My colleague Scott Shane, in an article on drone warfare last year, posed a few of the tough questions about the spread and use of drone warfare: If China, for instance, sends killer drones into Kazakhstan to hunt minority Uighur Muslims it accuses of plotting terrorism, what will the United States say?
What if India uses remotely controlled craft to hit terrorism suspects in Kashmir, or Russia sends drones after militants in the Caucasus?
American officials who protest will likely find their own example thrown back at them.
"The problem is that we're creating an international norm" -- asserting the right to strike preemptively against those we suspect of planning attacks, argues Dennis M. Gormley, a senior research fellow at the University of Pittsburgh and author of "Missile Contagion," who has called for tougher export controls on American drone technology.
"The copycatting is what I worry about most."
The qualities that have made lethal drones so attractive to the Obama administration for counterterrorism appeal to many countries and, conceivably, to terrorist groups: a capacity for leisurely surveillance and precise strikes, modest cost, and most important, no danger to the operator, who may sit in safety thousands of miles from the target.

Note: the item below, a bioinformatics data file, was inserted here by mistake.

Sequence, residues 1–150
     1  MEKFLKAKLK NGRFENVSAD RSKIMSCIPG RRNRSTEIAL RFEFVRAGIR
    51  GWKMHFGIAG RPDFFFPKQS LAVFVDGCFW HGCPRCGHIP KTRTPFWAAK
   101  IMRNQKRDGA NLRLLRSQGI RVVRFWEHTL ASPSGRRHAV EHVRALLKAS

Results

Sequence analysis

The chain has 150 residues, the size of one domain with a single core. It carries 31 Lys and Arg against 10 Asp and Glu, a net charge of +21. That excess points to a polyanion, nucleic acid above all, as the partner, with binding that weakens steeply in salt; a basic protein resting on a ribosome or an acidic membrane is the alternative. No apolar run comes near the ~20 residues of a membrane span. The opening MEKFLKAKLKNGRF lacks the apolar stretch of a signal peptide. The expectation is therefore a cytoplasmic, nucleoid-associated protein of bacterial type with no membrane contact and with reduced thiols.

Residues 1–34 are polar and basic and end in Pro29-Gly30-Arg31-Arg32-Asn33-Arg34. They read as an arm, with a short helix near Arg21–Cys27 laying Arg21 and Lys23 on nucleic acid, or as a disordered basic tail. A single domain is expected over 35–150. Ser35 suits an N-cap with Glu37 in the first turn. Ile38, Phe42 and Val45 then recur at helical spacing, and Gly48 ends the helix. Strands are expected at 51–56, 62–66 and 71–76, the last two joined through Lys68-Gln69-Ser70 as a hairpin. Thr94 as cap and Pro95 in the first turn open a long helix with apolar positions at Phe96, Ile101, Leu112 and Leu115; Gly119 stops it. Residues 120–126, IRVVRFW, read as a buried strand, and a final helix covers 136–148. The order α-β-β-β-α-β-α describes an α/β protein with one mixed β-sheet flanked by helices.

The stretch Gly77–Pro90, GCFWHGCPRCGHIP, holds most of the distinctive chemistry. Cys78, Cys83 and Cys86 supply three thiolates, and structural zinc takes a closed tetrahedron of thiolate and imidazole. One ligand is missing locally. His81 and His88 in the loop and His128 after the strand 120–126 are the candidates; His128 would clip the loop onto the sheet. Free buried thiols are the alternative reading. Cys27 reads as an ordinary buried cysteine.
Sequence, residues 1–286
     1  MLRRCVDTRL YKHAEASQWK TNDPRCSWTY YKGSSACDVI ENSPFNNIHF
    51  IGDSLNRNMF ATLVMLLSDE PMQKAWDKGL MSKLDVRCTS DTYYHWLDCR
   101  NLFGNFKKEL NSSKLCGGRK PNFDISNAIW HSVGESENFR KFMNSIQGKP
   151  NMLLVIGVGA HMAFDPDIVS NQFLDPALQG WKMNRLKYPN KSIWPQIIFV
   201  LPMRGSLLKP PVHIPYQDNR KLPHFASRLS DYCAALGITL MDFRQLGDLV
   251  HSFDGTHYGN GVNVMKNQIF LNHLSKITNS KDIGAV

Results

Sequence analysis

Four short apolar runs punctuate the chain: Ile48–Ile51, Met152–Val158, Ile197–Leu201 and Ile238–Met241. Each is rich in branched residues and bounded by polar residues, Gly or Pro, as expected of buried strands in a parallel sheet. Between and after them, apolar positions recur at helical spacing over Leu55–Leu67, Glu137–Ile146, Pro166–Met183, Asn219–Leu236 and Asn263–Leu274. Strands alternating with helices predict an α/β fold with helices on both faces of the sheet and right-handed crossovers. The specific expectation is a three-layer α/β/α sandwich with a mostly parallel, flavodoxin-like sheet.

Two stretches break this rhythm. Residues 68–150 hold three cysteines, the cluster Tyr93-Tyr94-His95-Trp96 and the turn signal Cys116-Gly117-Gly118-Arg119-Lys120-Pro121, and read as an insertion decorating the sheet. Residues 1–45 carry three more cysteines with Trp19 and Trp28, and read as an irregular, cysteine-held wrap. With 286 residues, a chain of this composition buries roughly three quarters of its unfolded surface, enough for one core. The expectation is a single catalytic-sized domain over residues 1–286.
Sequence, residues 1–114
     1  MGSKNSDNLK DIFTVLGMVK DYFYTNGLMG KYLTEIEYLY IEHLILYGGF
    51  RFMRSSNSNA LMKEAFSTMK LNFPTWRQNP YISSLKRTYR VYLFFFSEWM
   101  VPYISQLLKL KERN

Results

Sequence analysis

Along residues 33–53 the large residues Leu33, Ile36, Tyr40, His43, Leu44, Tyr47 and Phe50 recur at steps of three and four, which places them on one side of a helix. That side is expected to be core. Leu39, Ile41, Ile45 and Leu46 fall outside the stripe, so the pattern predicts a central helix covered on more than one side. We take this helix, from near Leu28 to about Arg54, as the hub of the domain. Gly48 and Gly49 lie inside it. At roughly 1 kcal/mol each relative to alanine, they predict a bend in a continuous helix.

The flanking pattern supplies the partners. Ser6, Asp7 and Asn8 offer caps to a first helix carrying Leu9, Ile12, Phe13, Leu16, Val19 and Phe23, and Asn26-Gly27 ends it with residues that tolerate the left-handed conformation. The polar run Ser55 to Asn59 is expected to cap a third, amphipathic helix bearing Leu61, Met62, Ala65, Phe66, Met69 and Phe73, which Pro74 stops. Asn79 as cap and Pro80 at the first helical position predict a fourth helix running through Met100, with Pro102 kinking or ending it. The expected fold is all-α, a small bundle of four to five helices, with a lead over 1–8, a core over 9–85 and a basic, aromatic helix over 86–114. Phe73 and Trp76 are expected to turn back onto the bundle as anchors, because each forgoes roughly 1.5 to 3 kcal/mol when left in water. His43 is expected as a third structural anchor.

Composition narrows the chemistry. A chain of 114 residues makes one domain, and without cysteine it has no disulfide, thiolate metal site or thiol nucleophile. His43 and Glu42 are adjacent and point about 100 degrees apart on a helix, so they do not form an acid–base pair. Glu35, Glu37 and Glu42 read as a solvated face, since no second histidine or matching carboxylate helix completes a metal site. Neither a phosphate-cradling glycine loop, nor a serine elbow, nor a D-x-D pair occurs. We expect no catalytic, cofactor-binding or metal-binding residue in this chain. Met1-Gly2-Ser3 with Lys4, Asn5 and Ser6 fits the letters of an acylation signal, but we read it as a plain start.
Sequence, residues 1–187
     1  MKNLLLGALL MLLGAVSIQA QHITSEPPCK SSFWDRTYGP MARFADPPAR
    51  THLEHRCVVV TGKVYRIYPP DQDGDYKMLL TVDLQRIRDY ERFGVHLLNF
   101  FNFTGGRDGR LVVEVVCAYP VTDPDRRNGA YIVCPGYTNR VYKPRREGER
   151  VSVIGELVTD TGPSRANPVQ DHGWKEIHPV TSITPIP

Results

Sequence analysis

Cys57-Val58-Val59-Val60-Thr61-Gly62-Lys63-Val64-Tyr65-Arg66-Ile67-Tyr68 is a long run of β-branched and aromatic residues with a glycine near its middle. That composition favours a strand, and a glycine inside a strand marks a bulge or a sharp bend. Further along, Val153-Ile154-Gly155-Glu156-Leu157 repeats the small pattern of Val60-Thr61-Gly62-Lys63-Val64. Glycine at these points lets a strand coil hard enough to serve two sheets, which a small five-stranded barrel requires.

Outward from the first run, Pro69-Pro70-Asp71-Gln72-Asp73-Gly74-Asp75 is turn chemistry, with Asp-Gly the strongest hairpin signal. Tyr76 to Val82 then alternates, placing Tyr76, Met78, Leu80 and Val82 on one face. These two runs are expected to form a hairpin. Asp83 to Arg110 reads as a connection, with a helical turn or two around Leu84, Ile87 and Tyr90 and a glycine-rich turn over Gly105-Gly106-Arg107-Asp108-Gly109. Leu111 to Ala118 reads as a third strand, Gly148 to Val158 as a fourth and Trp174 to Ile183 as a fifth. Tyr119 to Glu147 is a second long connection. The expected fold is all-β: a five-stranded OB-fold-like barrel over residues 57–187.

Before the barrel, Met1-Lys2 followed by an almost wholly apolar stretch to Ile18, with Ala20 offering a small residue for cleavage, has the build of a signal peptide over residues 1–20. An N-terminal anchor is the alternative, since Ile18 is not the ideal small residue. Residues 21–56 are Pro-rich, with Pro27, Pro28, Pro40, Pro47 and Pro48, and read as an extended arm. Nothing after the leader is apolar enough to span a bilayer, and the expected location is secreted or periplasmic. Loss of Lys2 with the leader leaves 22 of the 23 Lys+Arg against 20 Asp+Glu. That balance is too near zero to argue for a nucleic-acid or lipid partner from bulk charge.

Dozens of countries have bought or built their own unmanned aircraft, primarily for surveillance, but as Scott points out, "adding missiles or bombs is hardly a technical challenge."
There were no drone flights or demonstrations reported this year at Zhuhai, although the Global Times suggested that 20 red stars and 15 rocket outlines painted on the fuselage of a Pterodactyl indicated 20 airborne missions and 15 missile firings.
And a Japanese military plane recently took photos of a drone circling some Chinese naval vessels on a training exercise near Okinawa.
The Pentagon believes the drone had been deployed from one of the Chinese ships.
There was no sign this year of Anjian, or the Dark Sword, part of a rumored new generation of Chinese stealth drones.
The Pentagon study said the Anjian "represents the aspirations of the Chinese to design something even the Western powers don't have -- a supersonic drone capable of air-to-air combat as well as ground strikes." Defense News reported recently from Zhuhai that there was a change in tone in how the Chinese were marketing their drones.